Culture-shift: Rise of the female gamer
The culture of games being associated with young, male, teenage gamers has been shifting. In fact, for the first time, female gamers now outnumber males according to a major study carried out by an independent research agency.
Populus' study was conducted on behalf of the Internet Advertising Bureau and found that 52% of people who have played some form of video game in the last six months were female, up from 49% three years ago, and pushing women players into the majority.
"GamerGate" was a recent debate which highlighted the lack of female protagonists in games. One of the main arguments from game developers is the requirement to cater games to their main audience in order to sell copies. In an industry where news of studio closures have become a daily occurrence, this is somewhat excusable, however these results prove it has become an invalidated and outdated argument.
Free mobile games are responsible for driving this growth; with six in ten games acquired in the last six months being free. "Gender stereotypes say women don't play video games, so mobiles allow them to do so on the quiet." commented psychologist Dr Simon Hampton.
It's interesting that Hampton highlights an issue where culture has - at least historically - made women who play games feel somewhat ashamed. We can hope this study and the rise of the female gamer marks the start of a culture-shift from both a game development and a player perspective where everyone feels included.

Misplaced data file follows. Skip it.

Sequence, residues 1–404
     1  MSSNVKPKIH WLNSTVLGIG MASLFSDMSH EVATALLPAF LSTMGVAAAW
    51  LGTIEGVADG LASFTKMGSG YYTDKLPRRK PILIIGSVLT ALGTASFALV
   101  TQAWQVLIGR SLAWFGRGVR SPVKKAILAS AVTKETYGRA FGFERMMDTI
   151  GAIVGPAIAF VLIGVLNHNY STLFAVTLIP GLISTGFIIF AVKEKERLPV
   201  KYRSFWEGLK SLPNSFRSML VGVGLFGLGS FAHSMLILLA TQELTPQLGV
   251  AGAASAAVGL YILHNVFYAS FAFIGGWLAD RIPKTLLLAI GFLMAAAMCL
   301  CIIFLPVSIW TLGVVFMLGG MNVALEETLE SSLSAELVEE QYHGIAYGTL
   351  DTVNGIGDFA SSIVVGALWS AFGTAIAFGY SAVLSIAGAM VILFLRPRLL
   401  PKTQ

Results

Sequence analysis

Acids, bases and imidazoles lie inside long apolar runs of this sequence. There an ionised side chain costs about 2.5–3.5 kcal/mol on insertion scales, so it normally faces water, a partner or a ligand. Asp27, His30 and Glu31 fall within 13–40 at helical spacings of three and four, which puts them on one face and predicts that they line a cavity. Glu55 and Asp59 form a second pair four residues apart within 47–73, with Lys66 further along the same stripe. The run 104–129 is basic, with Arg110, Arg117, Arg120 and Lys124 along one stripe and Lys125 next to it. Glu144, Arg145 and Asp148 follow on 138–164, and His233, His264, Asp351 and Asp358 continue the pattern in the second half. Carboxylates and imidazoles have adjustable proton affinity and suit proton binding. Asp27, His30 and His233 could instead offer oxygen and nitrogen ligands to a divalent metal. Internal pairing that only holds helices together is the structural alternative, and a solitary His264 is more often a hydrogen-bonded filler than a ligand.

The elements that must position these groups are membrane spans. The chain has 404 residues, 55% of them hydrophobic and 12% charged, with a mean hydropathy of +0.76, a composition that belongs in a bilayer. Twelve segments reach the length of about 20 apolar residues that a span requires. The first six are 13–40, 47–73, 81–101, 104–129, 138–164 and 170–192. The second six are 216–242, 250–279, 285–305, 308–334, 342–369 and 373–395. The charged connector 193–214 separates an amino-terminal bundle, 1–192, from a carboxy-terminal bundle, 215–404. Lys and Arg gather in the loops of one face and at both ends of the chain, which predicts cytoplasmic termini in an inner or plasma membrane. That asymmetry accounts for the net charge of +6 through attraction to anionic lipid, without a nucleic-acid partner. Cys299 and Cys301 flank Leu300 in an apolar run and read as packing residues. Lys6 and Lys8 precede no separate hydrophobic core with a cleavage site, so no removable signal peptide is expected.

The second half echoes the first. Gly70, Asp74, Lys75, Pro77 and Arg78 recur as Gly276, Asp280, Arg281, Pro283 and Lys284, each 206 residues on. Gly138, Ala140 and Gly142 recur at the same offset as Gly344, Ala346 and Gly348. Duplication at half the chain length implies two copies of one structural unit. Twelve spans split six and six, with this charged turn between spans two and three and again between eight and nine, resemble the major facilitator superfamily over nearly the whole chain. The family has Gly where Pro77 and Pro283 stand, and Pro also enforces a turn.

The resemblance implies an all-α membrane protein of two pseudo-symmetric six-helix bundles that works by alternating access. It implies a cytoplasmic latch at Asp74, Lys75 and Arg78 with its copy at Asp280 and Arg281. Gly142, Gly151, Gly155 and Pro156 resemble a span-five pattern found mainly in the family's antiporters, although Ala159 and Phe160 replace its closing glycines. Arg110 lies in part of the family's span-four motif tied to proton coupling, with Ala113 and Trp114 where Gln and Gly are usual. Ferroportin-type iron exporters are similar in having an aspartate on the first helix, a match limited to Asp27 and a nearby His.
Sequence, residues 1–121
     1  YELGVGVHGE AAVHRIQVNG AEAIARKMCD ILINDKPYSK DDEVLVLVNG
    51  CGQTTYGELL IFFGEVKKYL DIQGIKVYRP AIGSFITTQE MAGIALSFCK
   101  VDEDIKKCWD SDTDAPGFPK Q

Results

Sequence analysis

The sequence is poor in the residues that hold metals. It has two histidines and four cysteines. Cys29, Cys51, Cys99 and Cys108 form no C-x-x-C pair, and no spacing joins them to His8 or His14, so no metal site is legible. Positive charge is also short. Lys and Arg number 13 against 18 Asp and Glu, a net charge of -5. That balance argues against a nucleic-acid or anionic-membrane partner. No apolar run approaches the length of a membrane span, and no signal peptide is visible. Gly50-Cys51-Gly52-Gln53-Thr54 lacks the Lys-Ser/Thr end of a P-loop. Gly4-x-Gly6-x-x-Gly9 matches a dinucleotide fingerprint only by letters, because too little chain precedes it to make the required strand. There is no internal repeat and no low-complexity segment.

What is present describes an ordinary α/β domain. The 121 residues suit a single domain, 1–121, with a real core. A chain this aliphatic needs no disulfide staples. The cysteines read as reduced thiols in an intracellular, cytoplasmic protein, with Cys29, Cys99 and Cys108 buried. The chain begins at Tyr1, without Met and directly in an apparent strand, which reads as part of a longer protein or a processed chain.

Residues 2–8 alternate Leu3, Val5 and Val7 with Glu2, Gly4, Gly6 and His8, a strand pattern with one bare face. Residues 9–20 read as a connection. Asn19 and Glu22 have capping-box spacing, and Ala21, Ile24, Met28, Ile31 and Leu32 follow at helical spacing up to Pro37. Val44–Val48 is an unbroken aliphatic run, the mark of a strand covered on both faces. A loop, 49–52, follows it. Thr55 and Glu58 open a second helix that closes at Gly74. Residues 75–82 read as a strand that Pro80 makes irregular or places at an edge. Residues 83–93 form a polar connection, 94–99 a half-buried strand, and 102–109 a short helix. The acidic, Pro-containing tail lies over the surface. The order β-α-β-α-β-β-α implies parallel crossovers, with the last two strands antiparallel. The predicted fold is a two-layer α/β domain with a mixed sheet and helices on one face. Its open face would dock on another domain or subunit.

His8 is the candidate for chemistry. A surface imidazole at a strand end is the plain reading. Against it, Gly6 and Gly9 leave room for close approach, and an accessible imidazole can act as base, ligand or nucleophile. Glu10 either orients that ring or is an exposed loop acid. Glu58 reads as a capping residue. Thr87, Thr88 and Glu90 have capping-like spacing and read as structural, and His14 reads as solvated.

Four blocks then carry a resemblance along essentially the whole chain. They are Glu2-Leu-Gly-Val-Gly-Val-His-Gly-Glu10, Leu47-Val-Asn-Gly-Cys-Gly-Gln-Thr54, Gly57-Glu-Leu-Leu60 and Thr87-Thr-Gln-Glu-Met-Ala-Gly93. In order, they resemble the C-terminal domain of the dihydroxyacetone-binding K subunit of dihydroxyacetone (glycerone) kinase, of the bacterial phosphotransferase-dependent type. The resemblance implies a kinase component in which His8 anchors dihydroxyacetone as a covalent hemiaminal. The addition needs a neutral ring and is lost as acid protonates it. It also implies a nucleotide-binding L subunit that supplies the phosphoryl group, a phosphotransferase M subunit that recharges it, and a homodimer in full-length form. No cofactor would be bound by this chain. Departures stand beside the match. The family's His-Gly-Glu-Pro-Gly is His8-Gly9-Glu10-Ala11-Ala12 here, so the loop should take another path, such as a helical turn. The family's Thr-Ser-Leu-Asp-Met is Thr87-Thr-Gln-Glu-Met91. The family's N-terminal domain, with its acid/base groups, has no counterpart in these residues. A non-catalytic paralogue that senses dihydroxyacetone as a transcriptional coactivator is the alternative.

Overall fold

But it must be stressed that game developers shouldn't feel pressured to add in female characters or otherwise adapt their game if it doesn't fit their vision. Games are a digital art form, and whether you like an individual title or not, they represent a form of expression. We can only hope as a result of this study that more game developers will be even more considerate of their growing female audience, and as a side effect, it may reduce game development itself from being such a male-dominated industry through inspiring female gamers to become developers.
Another big takeaway from a development perspective is of the impact which mobile games have had. The free-to-play model, in particular, seems to have introduced whole new players to the world of gaming who would otherwise have missed out. That's something to think about.
Should game developers re-consider their audience based on this study? Let us know in the comments.
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